Undeterred by being in the lame duck for Congress, the U.S. Senate on Tuesday approved the nomination of Stephen Schwartz to the U.S. Court of Appeals for Federal Claims, a nominee with an anti-LGBTQ record who rounds out the unprecedented number of judges confirmed under President Trump.
The vote on the Schwartz confirmation was a strict 49-47 party-line vote, with Republican senators, including Sen. Susan Collins (R-Maine), voting to approve the Trump pick while Democratic senators voted to reject him.
Nominated by Trump in June 2017, Schwartz’ nomination had been pending for more than two years and takes place in lame duck just before the end of the Trump administration and after the 2020 election when senators would be held accountable for their votes. Schwartz, 34, was confirmed to serve for a 15-year term on the U.S. Court of Appeals for Federal Claims.
When North Carolina’s anti-LGBTQ House Bill 2 was challenged in court, Schwartz represented the North Carolina legislature in defending the law, which barred municipalities from enacting LGBTQ non-discrimination ordinances and transgender people from using bathrooms in state-owned properties consistent with their gender identity.
Schwartz has also served as counsel to the Gloucester County School Board in Virginia in seeking to bar transgender student Gavin Grimm from access the restroom consistent with his gender identity. After ruling in favor of Grimm, the U.S. Fourth Circuit Court of Appeals in September refused to reconsider the case “en banc” at the request of the school.
Schwartz, in written responses to the Senate Judiciary Committee, denied his roles in the litigation would have any bearing on his approach as a federal appeals judge because he has “represented a diversity” of interests.
“Like many judicial nominees, I have represented a wide variety of clients in cases involving a wide variety of issues,” Schwartz wrote. “While some of them have been associated with political controversy, I have also been involved in a large amount of general commercial litigation with little, if any, political salience. I have represented farmers, small-boat cod fishermen, family business owners, and an inmate of the New York State prison system. I have been both aligned with and adverse to the federal government’s positions at various times.”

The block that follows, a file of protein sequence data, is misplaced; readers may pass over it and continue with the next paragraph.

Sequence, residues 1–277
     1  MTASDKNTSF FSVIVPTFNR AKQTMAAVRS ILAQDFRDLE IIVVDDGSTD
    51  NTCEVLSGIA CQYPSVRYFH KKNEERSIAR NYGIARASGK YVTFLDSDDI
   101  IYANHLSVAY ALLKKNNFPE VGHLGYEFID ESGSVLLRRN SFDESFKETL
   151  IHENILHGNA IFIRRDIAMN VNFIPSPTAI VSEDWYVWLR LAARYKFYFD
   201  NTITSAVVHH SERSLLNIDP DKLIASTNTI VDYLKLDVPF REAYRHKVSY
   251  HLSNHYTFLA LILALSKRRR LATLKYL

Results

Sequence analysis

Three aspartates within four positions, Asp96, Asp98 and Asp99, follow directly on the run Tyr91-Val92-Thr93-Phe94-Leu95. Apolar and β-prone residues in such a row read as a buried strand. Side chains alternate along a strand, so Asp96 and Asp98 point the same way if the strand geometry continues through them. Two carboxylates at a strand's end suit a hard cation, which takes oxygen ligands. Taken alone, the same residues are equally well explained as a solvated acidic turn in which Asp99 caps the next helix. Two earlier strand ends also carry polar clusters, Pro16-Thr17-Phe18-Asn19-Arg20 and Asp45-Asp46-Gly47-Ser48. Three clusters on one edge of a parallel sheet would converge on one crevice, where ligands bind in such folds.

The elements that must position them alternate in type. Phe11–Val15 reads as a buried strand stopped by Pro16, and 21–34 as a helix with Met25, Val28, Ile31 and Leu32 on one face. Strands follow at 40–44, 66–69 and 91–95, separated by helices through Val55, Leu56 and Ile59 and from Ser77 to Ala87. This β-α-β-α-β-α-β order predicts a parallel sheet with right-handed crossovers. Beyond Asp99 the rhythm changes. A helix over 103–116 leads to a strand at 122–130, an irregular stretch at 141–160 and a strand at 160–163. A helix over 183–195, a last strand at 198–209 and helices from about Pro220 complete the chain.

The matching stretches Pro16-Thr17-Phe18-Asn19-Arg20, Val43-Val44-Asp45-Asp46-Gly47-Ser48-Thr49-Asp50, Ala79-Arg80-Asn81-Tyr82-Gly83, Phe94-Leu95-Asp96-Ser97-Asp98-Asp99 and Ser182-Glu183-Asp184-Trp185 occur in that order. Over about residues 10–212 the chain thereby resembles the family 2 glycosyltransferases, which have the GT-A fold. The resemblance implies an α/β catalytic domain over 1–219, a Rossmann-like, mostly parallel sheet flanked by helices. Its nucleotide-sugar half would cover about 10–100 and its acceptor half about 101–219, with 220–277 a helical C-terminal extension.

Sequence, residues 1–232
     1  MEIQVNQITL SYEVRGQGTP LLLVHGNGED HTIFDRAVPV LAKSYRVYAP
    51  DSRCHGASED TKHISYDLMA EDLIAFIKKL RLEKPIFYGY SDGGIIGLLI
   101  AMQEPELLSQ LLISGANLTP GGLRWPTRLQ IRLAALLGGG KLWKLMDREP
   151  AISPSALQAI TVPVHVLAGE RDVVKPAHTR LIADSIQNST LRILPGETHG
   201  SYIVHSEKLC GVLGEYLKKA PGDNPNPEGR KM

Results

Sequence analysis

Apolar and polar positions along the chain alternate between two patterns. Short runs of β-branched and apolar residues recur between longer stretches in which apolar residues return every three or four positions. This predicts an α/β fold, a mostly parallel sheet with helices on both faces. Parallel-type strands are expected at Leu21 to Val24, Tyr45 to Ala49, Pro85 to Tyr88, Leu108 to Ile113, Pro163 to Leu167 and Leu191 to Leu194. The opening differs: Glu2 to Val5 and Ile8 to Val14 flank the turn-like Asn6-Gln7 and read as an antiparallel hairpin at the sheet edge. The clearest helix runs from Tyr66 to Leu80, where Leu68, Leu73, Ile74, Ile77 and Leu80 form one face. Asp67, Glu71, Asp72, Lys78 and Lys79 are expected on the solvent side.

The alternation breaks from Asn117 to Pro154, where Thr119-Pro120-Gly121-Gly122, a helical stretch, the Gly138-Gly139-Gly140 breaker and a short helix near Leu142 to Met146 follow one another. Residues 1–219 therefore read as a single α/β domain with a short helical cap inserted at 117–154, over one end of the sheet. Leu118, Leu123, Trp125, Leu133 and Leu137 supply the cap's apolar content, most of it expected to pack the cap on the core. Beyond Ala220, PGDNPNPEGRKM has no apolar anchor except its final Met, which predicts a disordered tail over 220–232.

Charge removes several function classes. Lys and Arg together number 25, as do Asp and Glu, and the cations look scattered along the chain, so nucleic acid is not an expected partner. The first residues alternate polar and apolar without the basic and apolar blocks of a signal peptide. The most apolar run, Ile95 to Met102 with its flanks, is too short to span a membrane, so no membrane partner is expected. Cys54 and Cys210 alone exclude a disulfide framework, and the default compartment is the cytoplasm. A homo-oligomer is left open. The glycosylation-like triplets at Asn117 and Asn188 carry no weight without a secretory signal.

Asked specially about representing Gloucester County School Board against Grimm, Schwartz declined to offer go into details, but said he supports “privacy and dignity” for all people.
“This question refers to a pending case in which I currently represent one of the parties,” Schwartz wrote. “My obligations as an advocate make it inappropriate for me to answer this question in detail. I do believe that everyone is entitled to basic privacy and dignity.”
Sasha Buchert, senior attorney at Lambda Legal, said in a statement the confirmation Schwartz “another dark day for the U.S. judiciary and the latest attack on LGBTQ people from the Trump-Pence Administration.”
“Among the terrible catalogue of Trump’s nominees, Schwartz ranks at the top because of the extreme damage we know he would inflict upon our communities and institutions,” Buchert said. “Now, he will serve for 15 years on a consequential court that oversees LGBT issues in the military, and the balance between government actions and the people.”
To counterbalance Trump’s picks, progressives have been pushing the expansion of the judiciary, otherwise known as packing the court, when Biden takes office with Democratic choices, although that plan will likely not come to fruition after Democrats came up short in Senate pickups in the 2020 election.
Alphonso David, president of the Human Rights Campaign, said in a statement Schwartz’s record of litigating against LGBTQ right makes him unfit for the judiciary.
“Schwartz has made his career by actively working to undermine LGBTQ rights — from defending North Carolina’s House Bill 2 that mandated discrimination against LGBTQ people to supporting Gloucester County School Board’s discriminatory restroom policy that segregrated transgender students from their peers,” David said. “Schwartz is unqualified and unfit for any court, yet the Republican leadership in the Senate is attempting to advance his nomination through the lame duck with only days until President-elect Biden takes office.”
Other anti-LGBTQ judges confirmed under Trump are U.S. District Matthew Kacsmaryk of the U.S. District Court for the Northern District of Texas, who served as deputy general counsel First Liberty Institute, which represented an Oregon refusing to make a wedding cake of a same-sex couple; and U.S. Circuit Judge Kyle Duncan, who also had a role in litigation against Grimm. More recently as a judge, Duncan refused to recognize the personal pronouns of a transgender inmate.